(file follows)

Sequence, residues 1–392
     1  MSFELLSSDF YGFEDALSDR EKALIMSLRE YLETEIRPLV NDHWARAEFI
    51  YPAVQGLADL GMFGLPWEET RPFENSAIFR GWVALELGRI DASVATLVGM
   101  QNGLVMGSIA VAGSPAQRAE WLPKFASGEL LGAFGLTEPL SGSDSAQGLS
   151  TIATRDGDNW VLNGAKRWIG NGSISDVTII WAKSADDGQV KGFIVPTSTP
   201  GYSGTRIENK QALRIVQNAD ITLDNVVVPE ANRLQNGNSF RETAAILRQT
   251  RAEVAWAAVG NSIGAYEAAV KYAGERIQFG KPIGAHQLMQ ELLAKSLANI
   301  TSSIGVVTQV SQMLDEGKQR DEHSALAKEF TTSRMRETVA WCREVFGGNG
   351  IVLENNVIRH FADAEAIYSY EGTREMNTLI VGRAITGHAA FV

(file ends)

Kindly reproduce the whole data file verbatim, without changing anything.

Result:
Sequence, residues 1–392
     1  MSFELLSSDF YGFEDALSDR EKALIMSLRE YLETEIRPLV NDHWARAEFI
    51  YPAVQGLADL GMFGLPWEET RPFENSAIFR GWVALELGRI DASVATLVGM
   101  QNGLVMGSIA VAGSPAQRAE WLPKFASGEL LGAFGLTEPL SGSDSAQGLS
   151  TIATRDGDNW VLNGAKRWIG NGSISDVTII WAKSADDGQV KGFIVPTSTP
   201  GYSGTRIENK QALRIVQNAD ITLDNVVVPE ANRLQNGNSF RETAAILRQT
   251  RAEVAWAAVG NSIGAYEAAV KYAGERIQFG KPIGAHQLMQ ELLAKSLANI
   301  TSSIGVVTQV SQMLDEGKQR DEHSALAKEF TTSRMRETVA WCREVFGGNG
   351  IVLENNVIRH FADAEAIYSY EGTREMNTLI VGRAITGHAA FV